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Ethereum Transaction Fees Fall To Lowest In 49 Days As DeFi Craze Subsides

In brief

  • Average Ethereum fees have fallen.
  • They haven’t been this low since early August.
  • They broke records earlier this month.

The average cost of processing an Ethereum transaction has fallen to a 49-day lull, marking an end to a spell of super-high transaction costs that made the network prohibitively expensive to use.

Yesterday, Ethereum’s average transaction fee was $2.248, according to data from BitInfoCharts. It touched $2.28—four cents higher—on August 23, but hasn’t slipped below $2.248 since August 9, when the cost of the average Ethereum transaction was $1.94.

Ethereum transaction fees. Credit: BitInfoCharts

Just ten days ago, the average cost of a single Ethereum transaction hit $11.6; on September 2, it was $14.6. These are the highest average transaction fees…ever. Only in 2018 did fees reach anything close to these levels: $5.5 on July 2.

Fees increase when there is more demand to process transactions than there are miners or blockchain space to process them. It is a benchmark of increased activity. That they have declined suggests a decrease in activity.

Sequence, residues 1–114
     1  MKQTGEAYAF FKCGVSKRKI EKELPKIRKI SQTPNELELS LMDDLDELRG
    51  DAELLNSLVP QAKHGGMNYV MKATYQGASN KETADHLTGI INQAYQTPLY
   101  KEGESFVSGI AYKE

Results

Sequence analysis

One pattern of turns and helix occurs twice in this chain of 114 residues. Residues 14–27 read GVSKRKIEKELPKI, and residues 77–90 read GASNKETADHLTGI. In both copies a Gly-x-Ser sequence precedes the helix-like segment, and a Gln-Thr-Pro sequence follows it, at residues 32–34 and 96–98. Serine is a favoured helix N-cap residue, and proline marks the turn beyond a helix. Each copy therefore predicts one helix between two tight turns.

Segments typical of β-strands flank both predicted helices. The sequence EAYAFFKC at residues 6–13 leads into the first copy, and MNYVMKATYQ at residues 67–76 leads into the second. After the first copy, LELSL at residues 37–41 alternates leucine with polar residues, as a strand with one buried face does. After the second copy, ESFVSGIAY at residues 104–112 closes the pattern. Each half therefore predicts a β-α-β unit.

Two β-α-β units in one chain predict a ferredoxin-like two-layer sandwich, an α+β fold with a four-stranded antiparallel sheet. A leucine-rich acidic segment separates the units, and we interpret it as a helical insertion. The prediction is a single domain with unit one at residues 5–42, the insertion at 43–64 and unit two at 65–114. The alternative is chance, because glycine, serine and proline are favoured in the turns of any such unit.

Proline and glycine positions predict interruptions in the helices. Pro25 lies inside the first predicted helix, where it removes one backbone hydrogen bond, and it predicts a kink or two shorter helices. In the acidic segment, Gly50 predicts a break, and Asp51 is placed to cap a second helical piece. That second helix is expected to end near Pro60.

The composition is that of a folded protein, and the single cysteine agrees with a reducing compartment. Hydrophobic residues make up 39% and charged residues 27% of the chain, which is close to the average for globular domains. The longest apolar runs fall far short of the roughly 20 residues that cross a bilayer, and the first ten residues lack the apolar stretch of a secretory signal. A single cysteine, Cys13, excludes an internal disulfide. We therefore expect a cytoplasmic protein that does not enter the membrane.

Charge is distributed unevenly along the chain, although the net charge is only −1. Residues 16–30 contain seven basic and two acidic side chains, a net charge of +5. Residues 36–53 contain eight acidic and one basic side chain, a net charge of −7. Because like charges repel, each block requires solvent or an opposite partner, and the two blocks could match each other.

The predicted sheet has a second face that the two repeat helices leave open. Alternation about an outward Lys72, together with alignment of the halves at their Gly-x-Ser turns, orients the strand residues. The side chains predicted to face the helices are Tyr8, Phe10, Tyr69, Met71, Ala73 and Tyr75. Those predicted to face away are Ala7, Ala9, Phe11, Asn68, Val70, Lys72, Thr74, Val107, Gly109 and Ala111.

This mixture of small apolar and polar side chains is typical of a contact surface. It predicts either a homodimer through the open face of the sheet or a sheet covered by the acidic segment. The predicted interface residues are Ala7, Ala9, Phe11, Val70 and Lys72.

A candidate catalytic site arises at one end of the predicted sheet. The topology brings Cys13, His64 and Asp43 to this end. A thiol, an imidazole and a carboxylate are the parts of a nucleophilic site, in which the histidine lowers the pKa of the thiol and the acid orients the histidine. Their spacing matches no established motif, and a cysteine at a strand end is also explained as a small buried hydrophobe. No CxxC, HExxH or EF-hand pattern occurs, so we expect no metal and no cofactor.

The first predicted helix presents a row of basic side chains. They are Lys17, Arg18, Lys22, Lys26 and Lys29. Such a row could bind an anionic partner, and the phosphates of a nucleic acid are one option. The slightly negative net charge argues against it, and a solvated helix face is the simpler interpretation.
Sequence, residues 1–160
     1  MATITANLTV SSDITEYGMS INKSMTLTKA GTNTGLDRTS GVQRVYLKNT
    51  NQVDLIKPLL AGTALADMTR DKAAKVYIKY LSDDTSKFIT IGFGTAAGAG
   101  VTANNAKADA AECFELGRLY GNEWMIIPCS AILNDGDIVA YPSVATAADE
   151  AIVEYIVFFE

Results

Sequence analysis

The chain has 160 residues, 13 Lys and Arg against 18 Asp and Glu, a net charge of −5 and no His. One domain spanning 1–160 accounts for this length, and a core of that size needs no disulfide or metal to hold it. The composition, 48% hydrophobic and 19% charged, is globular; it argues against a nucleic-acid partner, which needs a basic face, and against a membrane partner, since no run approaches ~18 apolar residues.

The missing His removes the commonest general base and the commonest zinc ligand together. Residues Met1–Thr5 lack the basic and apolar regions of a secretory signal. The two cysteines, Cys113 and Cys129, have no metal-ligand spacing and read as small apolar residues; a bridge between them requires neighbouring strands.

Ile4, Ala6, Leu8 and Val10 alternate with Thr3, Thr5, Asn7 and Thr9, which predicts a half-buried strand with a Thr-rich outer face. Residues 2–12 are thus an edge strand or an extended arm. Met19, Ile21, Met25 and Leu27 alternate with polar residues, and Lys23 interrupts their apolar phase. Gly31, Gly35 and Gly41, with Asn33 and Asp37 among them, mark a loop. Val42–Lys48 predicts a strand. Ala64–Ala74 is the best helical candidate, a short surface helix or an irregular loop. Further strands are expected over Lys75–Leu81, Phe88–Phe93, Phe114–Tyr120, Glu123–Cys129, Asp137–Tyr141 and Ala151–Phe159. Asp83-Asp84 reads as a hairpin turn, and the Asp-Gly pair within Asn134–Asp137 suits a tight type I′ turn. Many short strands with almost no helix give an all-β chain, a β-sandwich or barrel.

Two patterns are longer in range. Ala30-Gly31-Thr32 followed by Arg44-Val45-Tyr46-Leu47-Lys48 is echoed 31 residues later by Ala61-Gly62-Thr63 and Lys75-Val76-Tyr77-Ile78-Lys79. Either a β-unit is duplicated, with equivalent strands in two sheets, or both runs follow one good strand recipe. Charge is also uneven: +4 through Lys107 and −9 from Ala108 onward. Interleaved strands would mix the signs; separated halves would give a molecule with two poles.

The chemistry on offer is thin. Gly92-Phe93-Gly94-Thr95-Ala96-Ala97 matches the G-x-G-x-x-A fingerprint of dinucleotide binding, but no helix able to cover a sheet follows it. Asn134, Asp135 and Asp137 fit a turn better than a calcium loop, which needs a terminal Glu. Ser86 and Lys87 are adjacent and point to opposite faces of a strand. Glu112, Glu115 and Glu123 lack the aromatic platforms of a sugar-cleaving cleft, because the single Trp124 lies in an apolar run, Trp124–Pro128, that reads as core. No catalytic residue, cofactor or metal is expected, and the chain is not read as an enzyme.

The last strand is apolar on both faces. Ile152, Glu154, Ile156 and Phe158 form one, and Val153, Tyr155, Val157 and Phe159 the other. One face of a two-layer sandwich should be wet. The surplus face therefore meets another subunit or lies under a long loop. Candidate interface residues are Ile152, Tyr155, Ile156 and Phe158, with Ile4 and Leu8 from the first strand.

One reason for this summer’s steep fees may have been this summer’s rise of DeFi, or decentralized finance. DeFi refers to a slew of non-custodial financial products, among them DeFi lending protocols, decentralized stablecoins and synthetic assets. 

Lots of money has poured into these protocols in the past few months. Almost $11 billion is locked up in DeFi smart contracts today, according to metrics site DeFi Pulse; in June, just $1 billion was locked up.

The biggest DeFi smart contracts are all housed on the Ethereum blockchain. But Ethereum, which can only process about 14 transactions per second, has struggled to keep up. 

That fees are now decreasing could mean that DeFi activity is also waning. It could also mean that people are starting to move to other blockchains. It could also mean that people are relying on layer-two solutions—software built atop the Ethereum blockchain to make transactions cheaper or faster—or DeFi smart contracts are becoming more efficient or simply placing fewer trades. 

Whatever the reason, these reduced fees are surely a welcome to traders who have been priced out of the nascent DeFi market.


The views and opinions expressed by the author are for informational purposes only and do not constitute financial, investment, or other advice.

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